Letter: We will lose even more historic buildings that give distinctive character to our city

This letter sent to the Star was written by J Robin Hughes, Towngate Road, Worrall, S35

Wednesday, 30th October 2019, 10:37 am
Updated Monday, 11th November 2019, 6:53 am

The attempt by Sheffield City Council to decimate its planning department appears both cynical and reckless. Cynical, because planners could be seen as an easy target arousing little public sympathy. Your pet project not proceeding fast enough? Too many difficult questions about design quality, heritage impact, access or safety? Then get rid of the experts. But professional and knowledgeable planning officers are the lifeblood of development. Only they can ensure that what is built works in the long term to sustain growth, attract visitors and investors, and above all improve the lives of ordinary citizens. Too often, they are hamstrung by political decisions, such as the failure to adopt housing space standards, dithering over the creation of Conservation Areas, and of course the astonishing five-year delay to the Local Plan.

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Reckless, because the negative consequences will be out of all proportion to any saving. Officers are already under extreme pressure to meet the standard eight-week deadline for deciding applications. This change can only result in less scrutiny and more decisions being made outside the city by unaccountable Planning Inspectors when developers appeal. Without urban design experts, we will miss the significant improvements which they often achieve to dull or insensitive schemes. Threatening conservation officers undermines the shaky credibility of the Council's claim to value heritage, and we will lose even more historic buildings that give distinctive character to our city. Sheffield's great success story has been our creation of world-class public realm that makes us the benchmark that other cities aspire to. Losing landscape architects really would be slaughtering the geese that regularly lay golden eggs.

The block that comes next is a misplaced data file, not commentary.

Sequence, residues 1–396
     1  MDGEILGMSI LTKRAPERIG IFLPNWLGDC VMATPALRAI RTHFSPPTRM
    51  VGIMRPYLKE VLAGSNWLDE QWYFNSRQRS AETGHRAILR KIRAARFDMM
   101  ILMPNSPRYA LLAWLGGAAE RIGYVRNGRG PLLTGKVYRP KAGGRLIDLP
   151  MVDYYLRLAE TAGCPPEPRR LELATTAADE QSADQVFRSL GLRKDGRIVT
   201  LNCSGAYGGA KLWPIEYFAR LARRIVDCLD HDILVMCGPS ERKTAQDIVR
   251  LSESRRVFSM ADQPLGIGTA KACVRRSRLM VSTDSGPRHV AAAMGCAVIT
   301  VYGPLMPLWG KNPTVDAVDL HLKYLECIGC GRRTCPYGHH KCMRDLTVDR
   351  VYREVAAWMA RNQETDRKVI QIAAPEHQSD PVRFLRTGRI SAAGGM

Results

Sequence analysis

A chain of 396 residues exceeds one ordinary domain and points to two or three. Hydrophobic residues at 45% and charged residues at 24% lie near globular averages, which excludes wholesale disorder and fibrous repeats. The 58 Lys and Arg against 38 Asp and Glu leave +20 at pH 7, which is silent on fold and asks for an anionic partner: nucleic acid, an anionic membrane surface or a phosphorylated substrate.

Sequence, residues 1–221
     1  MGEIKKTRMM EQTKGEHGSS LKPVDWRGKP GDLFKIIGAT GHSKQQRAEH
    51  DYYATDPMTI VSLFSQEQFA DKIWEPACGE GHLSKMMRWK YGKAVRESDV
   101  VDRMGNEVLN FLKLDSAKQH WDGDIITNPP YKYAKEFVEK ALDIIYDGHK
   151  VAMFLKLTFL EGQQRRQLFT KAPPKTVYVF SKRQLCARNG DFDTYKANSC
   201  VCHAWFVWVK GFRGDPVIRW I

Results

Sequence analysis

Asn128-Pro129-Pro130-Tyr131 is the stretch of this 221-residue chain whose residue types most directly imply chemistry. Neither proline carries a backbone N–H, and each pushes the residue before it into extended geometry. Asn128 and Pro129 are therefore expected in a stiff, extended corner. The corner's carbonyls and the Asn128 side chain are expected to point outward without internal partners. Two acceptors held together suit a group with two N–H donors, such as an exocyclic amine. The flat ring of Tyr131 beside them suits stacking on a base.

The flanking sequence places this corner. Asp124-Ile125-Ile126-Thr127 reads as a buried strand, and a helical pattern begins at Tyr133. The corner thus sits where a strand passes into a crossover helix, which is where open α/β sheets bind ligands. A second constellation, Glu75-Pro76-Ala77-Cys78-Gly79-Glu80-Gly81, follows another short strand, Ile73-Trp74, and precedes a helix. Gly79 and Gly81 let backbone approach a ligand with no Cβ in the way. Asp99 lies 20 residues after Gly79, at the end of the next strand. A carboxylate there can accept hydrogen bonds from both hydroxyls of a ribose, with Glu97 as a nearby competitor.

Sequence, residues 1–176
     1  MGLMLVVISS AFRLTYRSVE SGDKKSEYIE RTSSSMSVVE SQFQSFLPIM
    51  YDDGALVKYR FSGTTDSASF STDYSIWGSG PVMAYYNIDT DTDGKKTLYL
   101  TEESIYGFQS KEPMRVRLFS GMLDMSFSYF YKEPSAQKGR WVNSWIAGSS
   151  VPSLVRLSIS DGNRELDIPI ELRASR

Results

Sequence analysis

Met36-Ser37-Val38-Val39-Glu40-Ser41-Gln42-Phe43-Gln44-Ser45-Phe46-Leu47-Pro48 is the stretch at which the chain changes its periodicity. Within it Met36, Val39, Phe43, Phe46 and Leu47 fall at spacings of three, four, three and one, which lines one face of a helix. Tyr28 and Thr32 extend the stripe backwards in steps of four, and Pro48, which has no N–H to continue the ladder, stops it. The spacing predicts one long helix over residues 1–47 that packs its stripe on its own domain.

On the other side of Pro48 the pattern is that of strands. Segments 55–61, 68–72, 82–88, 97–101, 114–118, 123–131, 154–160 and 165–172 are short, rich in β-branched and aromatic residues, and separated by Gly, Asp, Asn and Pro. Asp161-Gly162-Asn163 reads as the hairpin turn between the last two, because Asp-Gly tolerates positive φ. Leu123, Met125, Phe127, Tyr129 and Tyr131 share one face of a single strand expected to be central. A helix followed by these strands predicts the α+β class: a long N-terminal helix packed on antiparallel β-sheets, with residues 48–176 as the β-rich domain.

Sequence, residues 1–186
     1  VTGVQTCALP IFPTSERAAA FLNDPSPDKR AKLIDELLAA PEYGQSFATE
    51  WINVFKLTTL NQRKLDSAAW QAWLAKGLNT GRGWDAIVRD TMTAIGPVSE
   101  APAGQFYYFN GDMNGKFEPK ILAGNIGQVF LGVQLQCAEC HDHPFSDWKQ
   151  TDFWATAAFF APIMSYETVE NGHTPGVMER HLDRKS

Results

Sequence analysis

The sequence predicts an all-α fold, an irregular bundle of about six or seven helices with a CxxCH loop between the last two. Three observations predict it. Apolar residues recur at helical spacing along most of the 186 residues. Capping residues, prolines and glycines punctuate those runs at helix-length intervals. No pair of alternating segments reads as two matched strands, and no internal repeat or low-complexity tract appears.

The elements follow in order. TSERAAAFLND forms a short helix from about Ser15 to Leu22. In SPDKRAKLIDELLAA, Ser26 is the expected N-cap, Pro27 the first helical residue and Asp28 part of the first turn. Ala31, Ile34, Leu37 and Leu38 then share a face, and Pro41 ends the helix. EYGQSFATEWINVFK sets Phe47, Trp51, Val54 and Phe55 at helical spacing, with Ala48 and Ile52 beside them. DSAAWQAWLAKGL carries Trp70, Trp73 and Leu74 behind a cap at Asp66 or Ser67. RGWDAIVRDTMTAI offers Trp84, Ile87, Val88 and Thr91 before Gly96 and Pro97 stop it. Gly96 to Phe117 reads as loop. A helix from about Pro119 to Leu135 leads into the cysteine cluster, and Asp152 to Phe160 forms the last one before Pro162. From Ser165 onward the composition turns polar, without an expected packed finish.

As for the suggestion that we can do without specialists in access - which ensures the safety and comfort of everyone, regardless of mobility - and dangerous structures, the very idea that, as the reports from the Grenfell enquiry emerge, the Council even contemplates compromising on safety by reducing expertise in these critical areas beggars belief. Sheffield's own experience surely puts beyond question the need for sports venues to be properly inspected. As a heritage campaigner I am greatly disappointed at a move that will degrade and impoverish our historic character and sacrifice the economic and health advantages this brings, but as a concerned citizen I am appalled that the city might not only become more dull but also more dangerous.